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I am trying to make a product key registrar for my program. I want the product keys in a database or a dictionary type thing where I can make new keys everyday without putting them into the program, and redistrubate them everytime. I'm not sure where to get started, so if anyone has any ideas please post them



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5 Answers 5

You could use Advanced Installer. They have a licensing system built right in.

Its a bit costly, but it will save you money in the long run. Of course, you could try to make your own. Self-contained registration is a bit more challenging to secure than one that checks a database.

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Check out the Shareware Starter Kit (free) from Microsoft.

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does this work for visual basic 2008? – lab12 Oct 19 '09 at 22:39
I've not used it, but there is a "VB Download" link on the page I posted. – NotDan Oct 20 '09 at 0:44
Yea when I download it from microsoft, it tells me to convert to 2008. and then when I debug it gives me a ton of errors... – lab12 Oct 20 '09 at 2:31
Works great. Saw this at a MS event a while back, very solid. – Walter Nov 22 '09 at 13:34

Keep things simple to begin with. If you need more complexity, or tougher security, then do that after you've got your basic framework developed.

First step. Look at some simple encryption algorithms like the Tiny Encryption Algorithm. Get comfortable with encrypting and decrypting a file using a single key.

Next step. You will need lots of keys, a database to store them and some kind of customer id to associate with them. To begin with, lets assume that the customer id is a 6 digit number starting at 100000, the key is 128 bits in hex format, and the database is a simple text file. At this point, you should have no problems making a program to generate a batch of keys for the next 100 customers.

Third step. Now you have a database, so set up some scripts or an application so that you can encrypt a specific file, producing multiple copies, one for each customer ID, encrypted with their key.

Fourth step, write a short simple app that takes a file, decrypts it with a key, then loads and runs the resulting executable file. After the app terminates, delete the decrypted file.

Now the little app that decrypts and runs has to somehow be produced in numerous versions, one for each customer with their key in place. Best way to do that is to generate a random number the same size as the key, and place it as a constant in the code. Then compile it. At this point a tool like grep can find where it is in the executable. Write another small app to read in the decryptor app replace the tag with a real key, and write out a version of the decryptor that you will distribute with the matching decrypted application.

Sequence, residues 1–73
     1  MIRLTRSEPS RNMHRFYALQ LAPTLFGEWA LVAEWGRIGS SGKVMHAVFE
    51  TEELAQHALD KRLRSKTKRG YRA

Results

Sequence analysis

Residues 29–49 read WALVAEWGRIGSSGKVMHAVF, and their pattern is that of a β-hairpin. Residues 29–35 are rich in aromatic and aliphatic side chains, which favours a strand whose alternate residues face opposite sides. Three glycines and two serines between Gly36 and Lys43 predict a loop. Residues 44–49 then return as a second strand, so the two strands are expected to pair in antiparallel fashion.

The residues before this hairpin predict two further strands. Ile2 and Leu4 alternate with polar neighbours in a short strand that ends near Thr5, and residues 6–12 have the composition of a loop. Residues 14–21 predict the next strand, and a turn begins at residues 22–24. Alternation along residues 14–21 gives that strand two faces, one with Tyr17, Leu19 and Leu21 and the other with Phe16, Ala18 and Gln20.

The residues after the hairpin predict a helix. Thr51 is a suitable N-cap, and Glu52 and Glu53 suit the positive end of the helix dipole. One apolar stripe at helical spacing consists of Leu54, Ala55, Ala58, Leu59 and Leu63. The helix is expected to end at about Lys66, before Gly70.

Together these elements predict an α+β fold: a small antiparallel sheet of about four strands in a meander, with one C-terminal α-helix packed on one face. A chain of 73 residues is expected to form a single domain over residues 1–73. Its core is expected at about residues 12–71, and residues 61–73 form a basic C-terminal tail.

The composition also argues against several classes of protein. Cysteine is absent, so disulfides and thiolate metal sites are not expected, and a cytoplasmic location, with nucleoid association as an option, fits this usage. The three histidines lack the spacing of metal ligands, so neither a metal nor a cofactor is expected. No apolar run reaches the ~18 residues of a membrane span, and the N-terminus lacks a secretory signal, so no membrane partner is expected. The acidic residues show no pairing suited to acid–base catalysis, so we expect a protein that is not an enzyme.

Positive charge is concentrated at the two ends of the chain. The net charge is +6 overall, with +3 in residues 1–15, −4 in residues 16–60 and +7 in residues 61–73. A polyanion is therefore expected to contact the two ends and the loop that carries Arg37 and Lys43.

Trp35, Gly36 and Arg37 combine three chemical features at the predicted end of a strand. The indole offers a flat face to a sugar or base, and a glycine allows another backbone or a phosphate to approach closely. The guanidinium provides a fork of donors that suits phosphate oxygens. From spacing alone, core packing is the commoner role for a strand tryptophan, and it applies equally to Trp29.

After this, you might want to look at better decryption algorithms than TEA, but don't use something too strong that would run afoul of export laws.

Note that none of this will prevent determined thieves, but it should ward of casual ones and you will learn a lot. Better security can be had with an application that stores critical parts of itself on an encrypted USB key so that there is never a decrypted copy on the hard drive. And remember, any time you think that you have figured out a way to improve the encryption or code protection, you are very likely to be wrong. Much greater minds than ours, have spent their entire lives studying encryption and the general rule is that when you deviate a bit from the accepted algorithms and usages, you end up reducing, not increasing, the security.

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Rolling your own Registration and protection program is incredibly difficult, and usually very easy to break. Try looking at some of the inexpensive commercial products that already do this, intellilock is cheap and I have found to be well featured (if not well supported by the company that produces it, well supported by the community).

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Are there any that are free and aren't demos? I love how Intellilock works but I just don't like how its a demo and costs 129 bucks.. They have something similar like that called Aquatic Prime for the mac thats free. – lab12 Oct 20 '09 at 2:33

If you keep a central repository of valid codes, users of your software would need an Internet connection to communicate with this repository to determine if their entered license code is valid. This scheme may also have scalability issues.

One commonly used alternative method is to generate codes from bye data satisfying some specific mathematical relation, and then validate the code to see if the relations hold.

One very powerful algorithm based on above concept is the cryptographic RSA algorithm.

If you can use a ready-made licensing system based on RSA, check out CryptoLicensing.

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